Stop-and-Frisk Battle in New York City Intensifies After Scheindlin’s Removal
When Judge Shira Scheindlin ruled that the NYPD’s stop-and-frisk program was unconstitutional in August, for many New Yorkers, it seemed like a victory. But after just a few short months of courtroom scuffling, the U.S. Court of Appeals for the Second Circuit has taken the dramatic steps of not only staying Scheindlin’s decision, but removing the judge from the case altogether. And now, with a new mayor replacing Bloomberg — Scheindlin’s most vocal detractor — the future of stop-and-frisk in New York City is less certain than ever.
Scheindlin and Bloomberg Go Head-to-Head Over Stop-and-Frisk
Stop-and-frisk has always been a controversial topic. The program has gained enough notoriety that it’s become a common household name — and, some would say, for good reason. According to the NYPD itself, between 2011 and 2012, approximately nine out of ten stops were directed at blacks and Hispanics, some illegal immigrants. Some, like Bloomberg, insist this reflects not racism, but a gritty reality of who crime strikes. “We disproportionately stop whites too much,” he said, “and minorities too little.” Bloomberg, no stranger to controversy, ignited a firestorm of angry disbelief with his comments — but the backlash didn’t deter him.
In fact, Bloomberg was so opposed to Scheindlin’s ruling of unconstitutionality — which condemned stop-and-frisk as “a policy of racial profiling” — that he pushed the issue all the way to the U.S. Court of Appeals for the Second Circuit. At first, many seemed skeptical that Bloomberg’s appeal would do anything other than waste time and eat up tax dollars. Now, it’s become evident that that couldn’t be farther from the truth. In fact, Scheindlin’s ruling has been stayed, all monitors on the NYPD’s stop-and-frisk tactics have been removed — and so has Scheindlin herself.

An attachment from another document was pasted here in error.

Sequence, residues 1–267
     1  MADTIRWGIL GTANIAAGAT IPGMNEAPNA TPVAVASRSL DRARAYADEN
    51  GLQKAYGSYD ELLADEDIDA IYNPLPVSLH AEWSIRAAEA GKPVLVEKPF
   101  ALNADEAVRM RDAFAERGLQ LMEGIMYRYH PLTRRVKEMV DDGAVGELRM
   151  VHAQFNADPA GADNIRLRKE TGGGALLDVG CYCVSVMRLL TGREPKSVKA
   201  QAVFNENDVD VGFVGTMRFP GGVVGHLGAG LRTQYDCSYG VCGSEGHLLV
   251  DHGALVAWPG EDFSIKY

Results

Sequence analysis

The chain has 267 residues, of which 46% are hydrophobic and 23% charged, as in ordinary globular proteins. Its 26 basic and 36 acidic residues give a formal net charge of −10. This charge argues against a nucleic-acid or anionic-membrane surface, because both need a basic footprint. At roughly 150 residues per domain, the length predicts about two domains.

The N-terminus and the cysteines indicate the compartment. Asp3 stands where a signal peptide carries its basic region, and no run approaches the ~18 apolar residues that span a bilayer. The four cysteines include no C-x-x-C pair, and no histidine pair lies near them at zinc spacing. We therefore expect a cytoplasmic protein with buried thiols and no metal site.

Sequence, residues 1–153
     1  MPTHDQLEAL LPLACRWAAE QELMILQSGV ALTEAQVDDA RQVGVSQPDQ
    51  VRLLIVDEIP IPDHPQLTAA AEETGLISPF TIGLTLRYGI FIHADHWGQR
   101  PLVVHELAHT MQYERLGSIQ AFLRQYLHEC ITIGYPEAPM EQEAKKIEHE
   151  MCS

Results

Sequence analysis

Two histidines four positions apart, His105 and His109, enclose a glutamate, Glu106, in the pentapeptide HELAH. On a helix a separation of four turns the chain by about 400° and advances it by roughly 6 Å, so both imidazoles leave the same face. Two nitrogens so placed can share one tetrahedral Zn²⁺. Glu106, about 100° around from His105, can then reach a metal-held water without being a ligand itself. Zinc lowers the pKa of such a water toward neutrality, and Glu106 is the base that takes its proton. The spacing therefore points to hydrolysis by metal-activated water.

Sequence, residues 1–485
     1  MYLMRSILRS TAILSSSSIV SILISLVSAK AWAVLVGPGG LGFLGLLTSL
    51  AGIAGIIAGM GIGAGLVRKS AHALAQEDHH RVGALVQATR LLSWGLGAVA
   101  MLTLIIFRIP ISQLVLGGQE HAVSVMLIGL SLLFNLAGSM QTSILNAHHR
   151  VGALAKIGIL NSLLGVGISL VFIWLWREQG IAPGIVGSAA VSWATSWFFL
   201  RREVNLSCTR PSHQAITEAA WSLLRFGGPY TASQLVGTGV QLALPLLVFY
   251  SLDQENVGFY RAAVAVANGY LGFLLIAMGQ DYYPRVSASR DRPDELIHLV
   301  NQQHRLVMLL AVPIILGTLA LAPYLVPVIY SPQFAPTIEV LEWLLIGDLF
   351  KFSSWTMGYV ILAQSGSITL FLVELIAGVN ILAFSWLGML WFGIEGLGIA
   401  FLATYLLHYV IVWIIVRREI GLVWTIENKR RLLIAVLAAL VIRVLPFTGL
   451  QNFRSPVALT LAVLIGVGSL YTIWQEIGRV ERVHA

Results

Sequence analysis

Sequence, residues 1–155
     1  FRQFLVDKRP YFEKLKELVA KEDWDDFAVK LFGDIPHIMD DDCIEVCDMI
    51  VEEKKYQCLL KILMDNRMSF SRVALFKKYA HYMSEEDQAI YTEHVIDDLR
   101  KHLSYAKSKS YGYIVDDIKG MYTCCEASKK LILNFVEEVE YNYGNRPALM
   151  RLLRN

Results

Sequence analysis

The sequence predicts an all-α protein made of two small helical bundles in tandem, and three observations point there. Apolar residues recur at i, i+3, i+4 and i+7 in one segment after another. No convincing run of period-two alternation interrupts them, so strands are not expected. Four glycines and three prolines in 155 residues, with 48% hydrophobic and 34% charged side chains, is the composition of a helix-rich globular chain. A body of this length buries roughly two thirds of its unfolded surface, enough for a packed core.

The Future of Stop-and-Frisk in New York City
The U.S. Court of Appeals’ decision to block Scheindlin’s ruling and remove the judge has been met with mixed opinions. Michael Cardozo, the Corporation Counsel of New York City, is pleased. In fact, “We could not be more pleased,” Cardozo says, going on to describe Scheindlin’s ruling as “unjustified” and “deeply problematic.” NYPD Commissioner Raymond Kelly agrees with Cardozo. “This is indeed an important decision for all New Yorkers and for the men and women of the NYPD who work very hard day in and day out to keep this city safe,” Kelly says. “I have always been, and I haven’t been alone, concerned about the partiality of Judge Scheindlin and we look forward to the examination of this case — a fair and impartial review of this case based on the merits.”
Others aren’t so sure. The New York Civil Liberties Union calls Scheindlin’s removal and replacement “troubling and unprecedented.” Jonathan C. Moore, a civil rights attorney, calls it a “travesty of justice.”
In the midst of the chaos, many are looking to the new mayor as the deciding factor in the future of stop-and-frisk. Sunita Patel, a staff attorney with the Center for Constitutional Rights, puts it plainly: “The next mayor should consider withdrawing the appeal.”